There have been just four applications for the government’s new visa for overseas entrepreneurs in its first three months of operation.
A Home Office spokesperson said: “The UK is a top destination for innovation and entrepreneurs, and the Start Up and Innovator visa routes enhance our visa offer.”
Four ‘innovators’ have applied for the scheme. Two applications have been granted.
The scheme was introduced to replace the Entrepreneur Visa scheme which required applicants to have at least £50,000 in investments, and the ability to demonstrate that their proposed business can provide employment to at least two UK residents. The new Innovator route launched earlier this year, is intended to attract individuals who would create innovative businesses in the UK and invest substantially into the economy.
According to the latest Home Office figures, only four people applied for an Innovator Visa between April and June 2019. The number of applicants is far lower than the previous quarter’s applicants for the now defunct Entrepreneur visa, which saw over 700 applications between January and March 2019.
The low figures will raise questions about the design of the Innovator route. The scheme also requires applicants to be obtain endorsement from officially appointed bodies across the UK, like Invest NI. 24 endorsed institutions have the ability to offer 25 potential business owners the ability to apply for a Visa, but the latest statistics fall far short of the 600 potential places that could be offered under the scheme. Furthermore, many of these bodies are not considering applications at the minute or are reserving places for businesses applying to their existing accelerator programmes rather than endorsing independent applicants.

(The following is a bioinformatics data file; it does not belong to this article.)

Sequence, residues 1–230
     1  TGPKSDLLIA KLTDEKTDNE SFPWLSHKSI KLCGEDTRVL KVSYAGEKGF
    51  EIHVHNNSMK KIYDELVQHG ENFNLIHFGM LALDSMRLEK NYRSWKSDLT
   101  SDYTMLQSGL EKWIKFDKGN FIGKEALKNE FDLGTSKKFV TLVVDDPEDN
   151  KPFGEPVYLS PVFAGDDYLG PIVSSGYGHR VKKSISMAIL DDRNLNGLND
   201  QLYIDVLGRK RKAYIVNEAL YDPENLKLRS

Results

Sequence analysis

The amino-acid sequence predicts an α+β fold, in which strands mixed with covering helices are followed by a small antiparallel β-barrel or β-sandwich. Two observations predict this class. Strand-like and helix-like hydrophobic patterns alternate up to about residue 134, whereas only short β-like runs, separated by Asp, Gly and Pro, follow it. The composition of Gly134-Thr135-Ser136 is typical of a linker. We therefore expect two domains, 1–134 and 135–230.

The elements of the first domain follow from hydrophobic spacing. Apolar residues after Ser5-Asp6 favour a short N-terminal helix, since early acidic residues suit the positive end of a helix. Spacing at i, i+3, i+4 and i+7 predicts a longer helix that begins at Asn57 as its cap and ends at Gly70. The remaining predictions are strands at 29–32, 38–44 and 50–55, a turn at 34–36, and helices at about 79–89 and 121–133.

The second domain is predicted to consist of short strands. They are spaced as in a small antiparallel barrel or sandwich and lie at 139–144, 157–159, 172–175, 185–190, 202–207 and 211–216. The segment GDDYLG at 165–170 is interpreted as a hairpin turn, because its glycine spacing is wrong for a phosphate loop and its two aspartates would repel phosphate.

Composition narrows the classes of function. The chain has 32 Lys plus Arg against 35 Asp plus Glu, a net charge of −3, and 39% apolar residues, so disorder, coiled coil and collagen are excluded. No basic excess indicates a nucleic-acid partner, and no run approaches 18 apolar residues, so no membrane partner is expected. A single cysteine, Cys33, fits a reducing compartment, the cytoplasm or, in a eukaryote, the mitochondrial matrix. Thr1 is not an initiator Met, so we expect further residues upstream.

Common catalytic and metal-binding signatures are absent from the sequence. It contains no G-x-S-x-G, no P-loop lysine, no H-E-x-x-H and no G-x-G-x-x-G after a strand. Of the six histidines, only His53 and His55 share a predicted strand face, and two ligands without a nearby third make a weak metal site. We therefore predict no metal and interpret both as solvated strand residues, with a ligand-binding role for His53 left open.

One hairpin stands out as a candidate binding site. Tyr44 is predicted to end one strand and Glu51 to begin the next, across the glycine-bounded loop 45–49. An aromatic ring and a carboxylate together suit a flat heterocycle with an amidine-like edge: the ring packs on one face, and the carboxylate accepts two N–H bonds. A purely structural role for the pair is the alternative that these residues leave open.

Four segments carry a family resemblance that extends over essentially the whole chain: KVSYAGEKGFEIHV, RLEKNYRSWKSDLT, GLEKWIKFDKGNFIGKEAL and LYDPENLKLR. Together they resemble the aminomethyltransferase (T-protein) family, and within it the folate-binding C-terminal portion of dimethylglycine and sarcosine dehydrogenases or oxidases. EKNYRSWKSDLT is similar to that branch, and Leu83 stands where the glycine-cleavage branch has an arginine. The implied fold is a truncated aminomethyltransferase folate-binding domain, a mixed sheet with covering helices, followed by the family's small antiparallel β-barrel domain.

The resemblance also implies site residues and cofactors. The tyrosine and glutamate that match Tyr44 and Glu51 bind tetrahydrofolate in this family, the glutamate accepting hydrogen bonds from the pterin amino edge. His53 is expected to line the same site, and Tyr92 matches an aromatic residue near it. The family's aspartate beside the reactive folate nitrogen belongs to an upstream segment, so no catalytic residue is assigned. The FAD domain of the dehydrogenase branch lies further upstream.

Many immigration practitioners had raised concerns about the scheme from the outset. For example, the number of endorsing bodies are limited and there is a requirement to participate in a business accelerator programme to secure endorsement. Other points for an applicant to consider is the requirement to give up equity in their start-up.
While the Home Office intended to reduce the number of visas under the Start-Up and Innovator routes compared to the models they replaced, such low numbers hardly make the effort to redesign the routes worthwhile. The Start-Up scheme is fairing slightly better with 23 applications granted in the first quarter of operation.
We will be monitoring any updates and changes to the innovator route and the progress (if any) made with regional endorsing bodies. For more information contact us firstname.lastname@example.org